Hundreds of political prisoners in Turkey’s prisons have been carrying out a hunger strike since 27 November last year, demanding that Turkish authorities end the prison isolation conditions of Abdullah Öcalan, the Kurdistan Workers’ Party (PKK) leader, and allow family members and lawyers to visit him in Imralı prison in Turkey.
Elif Harran, a human rights activist focusing on prisoners’ rights in Turkey, spoke to Jin News regarding the prison hunger strike which has reached its 190th day of action.
Harran shared her criticisms regarding the Turkish government’s national silence over the hunger strikes. “The whole world is aware of the hunger strikes. Yet, Turkey’s government plays ‘three wise monkeys’ in the face of the hunger strike actions. ‘I did not see, I did not hear, I do not know anything’ is its stance,” she said.
”The government prefers to remain silent regarding the hunger strike action, but non-government organisations (NGOs) and the relatives of the prisoners are continuing to support this action”, she noted. Harran shared her view that the main reason for the crises facing the country lies in the isolation policy that is imposed on Imralı Prison.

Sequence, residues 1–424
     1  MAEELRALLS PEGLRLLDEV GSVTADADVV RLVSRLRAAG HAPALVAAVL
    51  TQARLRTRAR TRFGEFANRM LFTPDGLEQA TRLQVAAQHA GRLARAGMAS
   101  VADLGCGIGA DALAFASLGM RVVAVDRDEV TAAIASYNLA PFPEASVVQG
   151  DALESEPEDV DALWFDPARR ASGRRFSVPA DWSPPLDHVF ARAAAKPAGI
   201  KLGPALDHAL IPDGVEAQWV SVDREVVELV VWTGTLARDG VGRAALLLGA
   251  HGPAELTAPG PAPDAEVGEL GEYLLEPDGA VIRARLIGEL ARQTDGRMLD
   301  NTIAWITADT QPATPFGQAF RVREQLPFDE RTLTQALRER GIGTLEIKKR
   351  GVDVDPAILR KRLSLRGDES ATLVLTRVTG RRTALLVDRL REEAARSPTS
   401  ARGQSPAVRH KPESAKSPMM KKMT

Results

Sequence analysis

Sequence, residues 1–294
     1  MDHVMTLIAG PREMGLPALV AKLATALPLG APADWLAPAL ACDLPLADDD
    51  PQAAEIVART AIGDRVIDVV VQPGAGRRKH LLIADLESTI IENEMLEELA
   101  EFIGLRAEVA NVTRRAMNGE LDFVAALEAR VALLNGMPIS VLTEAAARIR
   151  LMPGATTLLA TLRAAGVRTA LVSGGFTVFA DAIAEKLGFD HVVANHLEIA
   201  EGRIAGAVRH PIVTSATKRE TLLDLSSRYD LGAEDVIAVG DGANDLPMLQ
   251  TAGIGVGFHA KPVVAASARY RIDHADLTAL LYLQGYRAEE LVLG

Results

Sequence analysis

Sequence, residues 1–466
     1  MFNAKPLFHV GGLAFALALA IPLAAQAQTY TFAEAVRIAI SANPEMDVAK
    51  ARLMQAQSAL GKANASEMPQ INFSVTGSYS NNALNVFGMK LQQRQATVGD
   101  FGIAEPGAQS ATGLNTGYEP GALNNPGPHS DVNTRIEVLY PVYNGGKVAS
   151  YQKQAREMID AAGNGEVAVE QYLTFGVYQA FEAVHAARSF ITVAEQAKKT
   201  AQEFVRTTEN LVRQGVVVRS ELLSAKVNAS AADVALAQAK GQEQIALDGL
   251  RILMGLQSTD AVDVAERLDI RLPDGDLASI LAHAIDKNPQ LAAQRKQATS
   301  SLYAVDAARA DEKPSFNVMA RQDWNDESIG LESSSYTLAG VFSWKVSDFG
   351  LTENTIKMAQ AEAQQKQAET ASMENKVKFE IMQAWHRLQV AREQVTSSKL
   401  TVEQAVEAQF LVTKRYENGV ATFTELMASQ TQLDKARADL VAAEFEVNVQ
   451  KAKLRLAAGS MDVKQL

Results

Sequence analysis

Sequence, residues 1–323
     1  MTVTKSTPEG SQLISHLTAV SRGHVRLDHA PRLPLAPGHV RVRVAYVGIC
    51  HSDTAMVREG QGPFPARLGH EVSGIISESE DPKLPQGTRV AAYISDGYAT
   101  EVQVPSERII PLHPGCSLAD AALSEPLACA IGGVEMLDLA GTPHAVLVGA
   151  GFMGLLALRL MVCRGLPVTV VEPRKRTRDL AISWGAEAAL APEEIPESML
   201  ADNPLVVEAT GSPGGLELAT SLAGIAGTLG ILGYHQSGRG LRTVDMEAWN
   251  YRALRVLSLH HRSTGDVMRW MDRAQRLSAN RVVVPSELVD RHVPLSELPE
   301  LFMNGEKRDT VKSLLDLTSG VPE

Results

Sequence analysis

“The Justice and Development Party-Nationalist Movement Party (AKP-MHP) government is trying to terrorise opposition groups. We can say that when Mr Öcalan was brought to Turkey, it brought chaos to Turkey. For the past 22 years, there has been a sociological crisis in Turkey and this crisis has affected the whole country. The crisis has been getting worse with each passing day for the past five years,” she said.
“There is a war being waged against the Kurdish freedom movement. The reason why the government does not allow Öcalan to meet with his lawyers is to intimidate the Kurdish people.”
She noted that the authorities have tried to intimidate the hunger striking prisoners using extra pressures in prisons. The prison administrations have been imposing disciplinary penalties. “In this way, they are trying to break the will of the prisoners,” she said.
The government also knows that the solution lies in Imralı, Harran noted, “but it does not fulfil its duty for a solution. At the same time, the Ministry of Health and Justice is the main body responsible for protecting the prisoners’ health rights, yet it remains silent as well. It is our call to NGOs, and to political parties all around the world, to listen to the legitimate demands of the prisoners.”